Story: When I Was A Toddler (Fiction) – 20/08/19

When I was a toddler, I had the greatest friend there could ever be, her name was Delilah, she loved me, and never ever betrayed me. We would have fun before and after playgroup swinging on the monkey bars, we would take turns riding to playgroup and other places in each other’s parents’ cars. She was kind and friendly, and surprisingly always full of energy, there was nothing that could stop her when she was in this powerful, energetic mood, she moved and thought so frenetically. We liked to run laps of the nearby local dam, and huffing and puffing we would giggle, then breathless, upon the ground we’d rest, utterly spent.

Delilah was always there for me, she lived but two houses down the road, often we’d sneak outside of our windows at night and lay on the grass, wondering at the moon and the stars. She often spoke of meteors and shooting stars, planets and things, I wondered to myself where she’d procured all this information, such a clever girl she was to be seen. But poor Delilah had a side to her that others could not, would not be allowed to be seen. She was saddened beyond belief at certain things she’d read about the world, depressing these occurrences were, events that had been. She could not speak of them, not at all could she disclose of them, for her father was a journalist who dealt with information classified by the highest security force in the world, we dared not even name them. In this sense, she was too curious for her own good, and during her alone times, she would contemplate the events that she couldn’t speak of, not even to me, let alone the neighbourhood, and troubled she became, each layer building, building, becoming more painful, then the same, until she had to release them, she wrote of the information in her journal, and dreamed of them in her daydreams.

If there was any doubt as to how Delilah, as a toddler, could absorb such intelligence written, complicatedly through the reports throughout, she was far beyond in understanding of certain things of the past and today. Her parents had read to her since she was but three days old, and upon having heard of this, my parents had done so too, copying their friendly neighbours from the fold. For we were born mere days apart, this is why I call her my best friend and twin, and of life, we had together started. But now a problem presented, and I must make mention of this fact, stressed beyond belief at holding the information back, she began to share it with me, in snippets here and there, and then, I was becoming stressed, I could not hold my frustration in again and again! Now, I knew what danger that there was in knowing this information, I urged her to keep quiet, to cease reading the reports, and quell her stressors with contemplation, but Delilah giggled her typical laugh, and said not to be ridiculous, that knowledge was a key to the present, future, and past.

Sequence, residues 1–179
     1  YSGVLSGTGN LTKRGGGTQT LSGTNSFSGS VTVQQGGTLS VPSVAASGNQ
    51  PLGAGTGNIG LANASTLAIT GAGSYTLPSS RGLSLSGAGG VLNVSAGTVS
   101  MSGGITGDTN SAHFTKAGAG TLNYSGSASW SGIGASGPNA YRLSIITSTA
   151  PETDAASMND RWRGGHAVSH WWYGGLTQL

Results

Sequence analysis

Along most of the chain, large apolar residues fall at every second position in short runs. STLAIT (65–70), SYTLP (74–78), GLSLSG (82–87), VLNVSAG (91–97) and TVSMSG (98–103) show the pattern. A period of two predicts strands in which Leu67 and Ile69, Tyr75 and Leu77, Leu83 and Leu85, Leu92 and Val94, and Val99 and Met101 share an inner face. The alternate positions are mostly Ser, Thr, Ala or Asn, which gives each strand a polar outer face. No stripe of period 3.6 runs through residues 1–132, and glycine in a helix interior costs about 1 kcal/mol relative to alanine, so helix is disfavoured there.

“But ‘Lilah,” I said, sounding rather pained, “You’re risking your life for being informed, do you want me to be forced to do the same? Please don’t share your facts with me, and please of them stop reading, it is the best for us, for you and for me.” Shaking her head, she would not be convinced otherwise, she toddled off to the other house down the street, with her unbalanced toddler gait, knowing she could do as she pleased, hide and fervently read. If only Mister Garter, her intellectual journalist of a father, could know of what his daughter was doing, the dangers she was risking, the dangers into which she’d been thrown. And there was only one thing I could do, one thing that would make me lose my friend, I had to inform Mister Garter, because no one else knew of her antics, and besides, if they did, they would not inform him instead.

For the sake of my friend, for her protection now and in the future, my little twin best friend and sister, I was willing to lose her. If it meant they were required to move across the world, to avoid consequences, of her being known of as privy to the information only meant for a certain fold, then so be it, she may hate me forevermore, but at least she would be safe, and that would be a godsend for me, simply because. I loved her dearly, and I hoped she would understand, there was nothing underhanded or reeking of betrayal about this, but I felt so terrible, so sad. She would never speak to me again, but this was the way it had to be, my sister, my heart, my truth, gone would she be, flown the coup.

And I still remember to her to this very day, as I write of her, in my current day and age, I wish that I could find her, but surely she is married by now, different surname, perhaps an exciting life, I will never ever know. I knew I had performed the right action when official looking vehicles and men came looking for them, about three weeks after the family had suddenly upped and left in the middle of the night. These men asked around the townspeople, knocking on residents’ door for hours, trying to reckon of where or what had occurred in this scene. And smiling to myself as I remember how she was saved, perhaps she recalls my memories fondly, I hope that her father provided her a proper explanation the departure day, but in my heart she’ll always ring true, Delilah, my best friend, who had to leave because of what she knew.

© 2019 Alice Well Art, Lauren M. Hancock, also known as Alice Well. All rights reserved.

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